Community-based governance in social-ecological systems: An inquiry into the marginalisation of Landcare in Victoria, Australia
Colliver, Ross (2012) Community-based governance in social-ecological systems: An inquiry into the marginalisation of Landcare in Victoria, Australia. PhD thesis, Murdoch University.
Environmental governance regimes affect the adaptive capacity of social-ecological systems. By enabling actors with differing knowledge, values and interests to understand complex problems, agree on solutions and integrate their actions, network forms of governance increase adaptive capacity, but are they able to influence the agenda and approach set by higher levels within governance regimes? This research investigated the influence of Landcare Networks within natural resource management (NRM) in Victoria, Australia. Landcare groups are voluntary associations through which private landholders cooperate to improve their local environment, and Landcare Networks are federations of those local groups. In action research over twelve months, peer groups of staff and members of management committees of Landcare Networks met to improve the effectiveness and influence of Networks in landscape change.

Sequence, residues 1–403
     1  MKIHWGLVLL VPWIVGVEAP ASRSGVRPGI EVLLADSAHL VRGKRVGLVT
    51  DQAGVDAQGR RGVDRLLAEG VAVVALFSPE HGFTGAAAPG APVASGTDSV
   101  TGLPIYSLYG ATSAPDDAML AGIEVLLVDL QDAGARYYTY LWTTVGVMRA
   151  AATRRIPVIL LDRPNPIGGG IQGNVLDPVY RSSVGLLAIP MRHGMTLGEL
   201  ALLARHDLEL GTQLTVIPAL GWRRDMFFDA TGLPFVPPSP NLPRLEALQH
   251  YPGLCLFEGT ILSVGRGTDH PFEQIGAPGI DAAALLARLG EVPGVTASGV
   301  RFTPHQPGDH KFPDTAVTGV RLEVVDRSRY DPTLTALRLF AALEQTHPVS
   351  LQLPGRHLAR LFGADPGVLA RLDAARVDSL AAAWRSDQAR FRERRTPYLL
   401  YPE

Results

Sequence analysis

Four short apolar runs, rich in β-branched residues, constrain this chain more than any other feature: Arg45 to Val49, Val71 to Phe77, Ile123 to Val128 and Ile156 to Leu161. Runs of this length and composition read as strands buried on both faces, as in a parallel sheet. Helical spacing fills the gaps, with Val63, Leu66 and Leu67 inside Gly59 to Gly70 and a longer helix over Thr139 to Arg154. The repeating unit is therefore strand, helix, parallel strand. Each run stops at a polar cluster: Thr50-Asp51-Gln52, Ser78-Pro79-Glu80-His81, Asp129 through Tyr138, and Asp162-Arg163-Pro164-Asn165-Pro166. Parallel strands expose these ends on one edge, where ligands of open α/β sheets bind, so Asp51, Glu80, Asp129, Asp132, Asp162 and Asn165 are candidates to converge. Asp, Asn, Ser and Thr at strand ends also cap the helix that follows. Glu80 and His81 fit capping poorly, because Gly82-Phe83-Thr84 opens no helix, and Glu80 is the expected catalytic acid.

Participants identified a breakdown in collaboration between government NRM staff and Landcare Networks. Regional NRM bodies, located between state government agencies and Landcare Networks, treated the latter as implementers of government priorities, rather than decision-makers at landscape level. Participants attributed this marginalisation to a policy of targeting public investment to biophysical priorities, and to differences in assumptions of agency. Participants assumed that community action was essential to landscape change; staff in government programs seemed to participants to assume that government initiatives drove change. Analysis of peer group discussion identified a governance practice rooted in a discourse of community action, facilitating action in relationships of mutual responsibility and seeking to maintain the momentum of change across the social-ecological system.
The process of inquiry in action led participants to examine and change some of their assumptions, a change theorised as a process of reframing in which doubt leads to examination of failure and a search for more effective action. This suggests that ii communities of practice contribute to reframing within multilevel governance regimes, alongside mechanisms such as shadow networks and bridging organisations. The findings also confirm participatory action research as a methodology for investigating governance regimes while enabling action to improve them.
|Publication Type:||Thesis (PhD)|
|Murdoch Affiliation:||School of Environmental Science|
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